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No matter the size of your family or how much you prepare, the kinds of games you play are what make your reunion a success. The key to great family reunion games is to have a variety at the ready. It’s vital to have a mix of short and long, getting-to-know-you and standardized classics, as well as physically active and quiet games for when everyone is worn out.
Toilet Paper Game
Without telling your relatives why, pass along a roll of toilet paper, instructing them to tear off a piece of any length they choose. Then, go around the room, having everyone tell one thing about themselves for every square of toilet paper they have.
Candy Bar Game
Purchase enough candy bars for each relative to have one, but remember: you cannot have more than one of each kind. Gather everyone in a circle and pass out one brown lunch paper bag to each player. Set a timer for the game; 30 minutes might be good to start with. Then, place all of the candy bars in a pile in the middle and have each player take turns rolling two dice. If they roll a five, a ten, or doubles, they either get to choose a candy bar from the pile and place it in their bag, or ask someone else for their candy bar. If they roll any other number, their turn is over. If they ask another player for their candy bar, they have to remember exactly which bar that person has in their bag. If they ask for the wrong variety, they get nothing and have lost their turn. After several times around, the pile of candy bars will be gone, and when a player rolls a five, a ten, or doubles, they can only ask other players for their candy bars. There may eventually be players with several candy bars and some without any. However, when the timer beeps, the candy bars are distributed so that everyone ends up with only one.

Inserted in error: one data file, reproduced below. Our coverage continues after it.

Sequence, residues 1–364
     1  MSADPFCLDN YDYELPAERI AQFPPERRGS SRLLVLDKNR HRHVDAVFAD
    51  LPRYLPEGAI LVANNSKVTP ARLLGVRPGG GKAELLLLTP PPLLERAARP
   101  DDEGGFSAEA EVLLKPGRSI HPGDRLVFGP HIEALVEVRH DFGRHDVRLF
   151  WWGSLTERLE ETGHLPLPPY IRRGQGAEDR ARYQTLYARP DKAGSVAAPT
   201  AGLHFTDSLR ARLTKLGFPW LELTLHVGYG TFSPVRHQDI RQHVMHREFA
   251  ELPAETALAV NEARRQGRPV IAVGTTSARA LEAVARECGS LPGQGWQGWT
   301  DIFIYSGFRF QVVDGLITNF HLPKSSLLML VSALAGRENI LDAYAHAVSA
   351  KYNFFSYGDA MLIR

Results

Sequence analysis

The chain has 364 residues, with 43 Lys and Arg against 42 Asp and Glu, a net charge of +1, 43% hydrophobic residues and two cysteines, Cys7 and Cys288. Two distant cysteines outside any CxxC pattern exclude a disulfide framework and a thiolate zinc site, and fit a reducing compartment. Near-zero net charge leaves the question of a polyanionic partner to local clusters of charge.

Beach Ball Game
Blow up a medium-to-large-sized beach ball and, using a marker, write as many open-ended, getting-to-know-you questions on the ball as will fit, such as “What was your first job?” “What is your favorite dessert?” and “What was the name of your first pet?” Ask the players to stand in a large circle and toss the ball amongst the players, trying not to let it touch the ground.As you play, try to get a pre-determined number of touches before the ball falls to the ground, perhaps anywhere between three and ten, depending on the age of the players. Once you reach the desired number of touches, the very next person to touch the ball will catch it. Holding the ball, they must answer whichever question their right hand is closest to.
Set up a table with slips of paper, pens, an empty bowl, and several random objects labeled with questions. For instance, have your relatives try to guess the weight of a spaghetti squash, the number of words in a newspaper, the number of polka-dots on a yard of fabric, the number of seeds in a small watermelon, the number of ounces in a container of water, and the length of a section of yarn rolled up in a ball. This game works well at family reunions because it can be played individually and on one’s own timeframe.
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